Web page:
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Fashion as social business

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RMIT Gallery

344 Swanston Street

Melbourne, VIC 3000

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Fast fashion has attained the status of an economic success model which earns its profits at the expense of ecological and social systems, and it is among the sectors responsible for disastrous working conditions and below-subsistence-level wages.

How can the textile industry empower its employees, and how can our economies function in a more social way?

Find out how Sina Trinkwalder founded Germany’s social textile business manomama. The business provides training for those that would otherwise have difficulties on the job-market and is known for its horizontal hierarchies as well as its focus on local supply chains and social engagement.

Sina Trinkwalders talk about fashion as social business is presented by RMIT Gallery/Goethe-Institut as part of the provocative new exhibition Fast Fashion: The dark side of fashion (21 July 9 September).

About the speaker

Sina Trinkwalder studied political science and business at the Ludwig-Maximilians-University in Munich. She spent a decade as the CEO of her own ad-agency. In 2010 she founded the first social textile business in Germany: manomama, providing work for recently unemployed sewers and seamstresses in order to create eco-social clothing and accessories utilizing a regional supply chain.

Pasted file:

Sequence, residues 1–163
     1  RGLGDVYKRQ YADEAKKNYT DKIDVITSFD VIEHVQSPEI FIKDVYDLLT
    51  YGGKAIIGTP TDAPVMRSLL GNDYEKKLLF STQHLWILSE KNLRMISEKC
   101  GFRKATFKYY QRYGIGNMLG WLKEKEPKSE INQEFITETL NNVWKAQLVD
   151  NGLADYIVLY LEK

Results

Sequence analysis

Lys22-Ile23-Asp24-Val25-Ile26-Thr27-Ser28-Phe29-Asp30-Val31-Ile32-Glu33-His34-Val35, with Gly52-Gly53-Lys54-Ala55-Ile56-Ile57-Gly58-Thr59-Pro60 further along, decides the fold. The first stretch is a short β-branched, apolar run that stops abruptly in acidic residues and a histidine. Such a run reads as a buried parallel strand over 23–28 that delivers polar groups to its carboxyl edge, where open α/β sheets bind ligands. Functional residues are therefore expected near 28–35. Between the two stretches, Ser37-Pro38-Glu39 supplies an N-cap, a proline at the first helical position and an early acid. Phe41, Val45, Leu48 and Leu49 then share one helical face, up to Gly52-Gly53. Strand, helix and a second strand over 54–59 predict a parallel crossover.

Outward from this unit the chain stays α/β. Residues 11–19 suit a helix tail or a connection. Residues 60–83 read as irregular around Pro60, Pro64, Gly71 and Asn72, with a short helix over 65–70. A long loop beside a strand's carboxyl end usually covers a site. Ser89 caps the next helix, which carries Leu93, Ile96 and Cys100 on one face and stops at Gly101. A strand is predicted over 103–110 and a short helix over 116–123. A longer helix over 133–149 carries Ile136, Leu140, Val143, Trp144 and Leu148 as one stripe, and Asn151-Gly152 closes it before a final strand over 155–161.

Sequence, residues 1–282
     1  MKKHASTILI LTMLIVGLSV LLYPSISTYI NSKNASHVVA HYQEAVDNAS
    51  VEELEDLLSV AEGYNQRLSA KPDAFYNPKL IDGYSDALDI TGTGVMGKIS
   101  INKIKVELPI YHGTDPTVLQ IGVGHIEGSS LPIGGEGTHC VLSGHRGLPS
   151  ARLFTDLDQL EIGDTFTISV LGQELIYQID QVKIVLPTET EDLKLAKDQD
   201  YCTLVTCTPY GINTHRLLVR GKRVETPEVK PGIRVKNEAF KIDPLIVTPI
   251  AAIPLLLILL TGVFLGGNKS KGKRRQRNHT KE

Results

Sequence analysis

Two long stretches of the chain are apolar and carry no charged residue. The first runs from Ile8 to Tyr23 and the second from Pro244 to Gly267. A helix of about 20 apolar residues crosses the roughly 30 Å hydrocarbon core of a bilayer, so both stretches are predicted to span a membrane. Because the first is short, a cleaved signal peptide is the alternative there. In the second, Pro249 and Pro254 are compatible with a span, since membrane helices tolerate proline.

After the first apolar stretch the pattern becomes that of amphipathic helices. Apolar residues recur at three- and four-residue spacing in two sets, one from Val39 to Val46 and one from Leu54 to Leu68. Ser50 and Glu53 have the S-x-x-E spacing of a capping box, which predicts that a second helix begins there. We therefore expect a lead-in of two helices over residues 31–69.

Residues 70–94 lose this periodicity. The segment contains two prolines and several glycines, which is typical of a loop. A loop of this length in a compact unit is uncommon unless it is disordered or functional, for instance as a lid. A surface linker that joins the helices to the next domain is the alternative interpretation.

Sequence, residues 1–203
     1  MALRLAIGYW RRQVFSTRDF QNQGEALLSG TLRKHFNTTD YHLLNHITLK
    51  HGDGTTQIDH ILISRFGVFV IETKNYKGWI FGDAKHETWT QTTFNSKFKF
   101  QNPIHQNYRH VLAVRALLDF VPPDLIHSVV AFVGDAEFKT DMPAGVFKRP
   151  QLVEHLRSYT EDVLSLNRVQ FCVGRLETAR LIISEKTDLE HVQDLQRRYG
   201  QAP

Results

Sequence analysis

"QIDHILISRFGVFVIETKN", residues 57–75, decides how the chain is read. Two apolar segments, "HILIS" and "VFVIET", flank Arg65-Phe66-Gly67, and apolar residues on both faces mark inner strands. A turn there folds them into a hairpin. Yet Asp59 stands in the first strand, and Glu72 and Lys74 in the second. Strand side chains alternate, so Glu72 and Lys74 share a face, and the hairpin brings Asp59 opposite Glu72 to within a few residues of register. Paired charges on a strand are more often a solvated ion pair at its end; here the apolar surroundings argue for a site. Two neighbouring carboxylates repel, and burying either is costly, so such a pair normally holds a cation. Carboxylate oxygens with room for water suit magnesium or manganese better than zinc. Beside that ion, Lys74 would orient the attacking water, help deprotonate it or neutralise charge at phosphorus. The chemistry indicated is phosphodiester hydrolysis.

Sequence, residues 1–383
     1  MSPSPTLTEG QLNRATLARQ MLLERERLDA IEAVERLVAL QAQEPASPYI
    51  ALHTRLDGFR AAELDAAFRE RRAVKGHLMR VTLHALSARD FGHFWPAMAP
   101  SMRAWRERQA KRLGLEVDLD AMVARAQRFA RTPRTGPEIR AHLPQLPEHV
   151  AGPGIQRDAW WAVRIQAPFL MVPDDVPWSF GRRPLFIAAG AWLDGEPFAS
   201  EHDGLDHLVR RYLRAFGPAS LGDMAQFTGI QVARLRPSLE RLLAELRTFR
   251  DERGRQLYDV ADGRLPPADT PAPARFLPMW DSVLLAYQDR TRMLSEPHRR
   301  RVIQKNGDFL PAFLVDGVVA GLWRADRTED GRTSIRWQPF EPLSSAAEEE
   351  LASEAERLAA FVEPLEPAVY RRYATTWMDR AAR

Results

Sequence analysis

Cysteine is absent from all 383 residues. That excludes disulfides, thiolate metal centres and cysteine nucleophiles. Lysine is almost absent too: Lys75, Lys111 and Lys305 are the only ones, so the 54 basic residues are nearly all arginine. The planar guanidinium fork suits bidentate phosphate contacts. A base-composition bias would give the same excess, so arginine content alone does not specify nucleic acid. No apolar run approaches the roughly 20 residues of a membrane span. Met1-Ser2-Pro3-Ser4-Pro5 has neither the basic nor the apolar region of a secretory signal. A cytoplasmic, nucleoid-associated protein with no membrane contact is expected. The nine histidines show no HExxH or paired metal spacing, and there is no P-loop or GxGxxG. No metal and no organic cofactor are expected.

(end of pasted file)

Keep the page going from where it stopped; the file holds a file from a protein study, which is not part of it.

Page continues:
Trinkwalder received many awards for her ecological and social commitment, including the German Sustainability Council Social Entrepreneur of Sustainability 2011 and the German Fairness Prize 2015 and the Order of Merit of the Federal Republic of Germany 2015.

https://youtu.be/YtAF8rCz7d8

Fast Fashion: The dark side of fashion (21 July – 9 September) is presented by RMIT Gallery in collaboration with the Goethe-Institut and RMIT School of Fashion and Textiles, Fast Fashion is curated by Dr. Claudia Banz at the Museum für Kunst und Gewerbe in Hamburg and supported by Deutsche Bundesstiftung Umwelt and Karin Stilke Stiftung.

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RMIT Gallery

344 Swanston Street

Melbourne, VIC 3000

Australia

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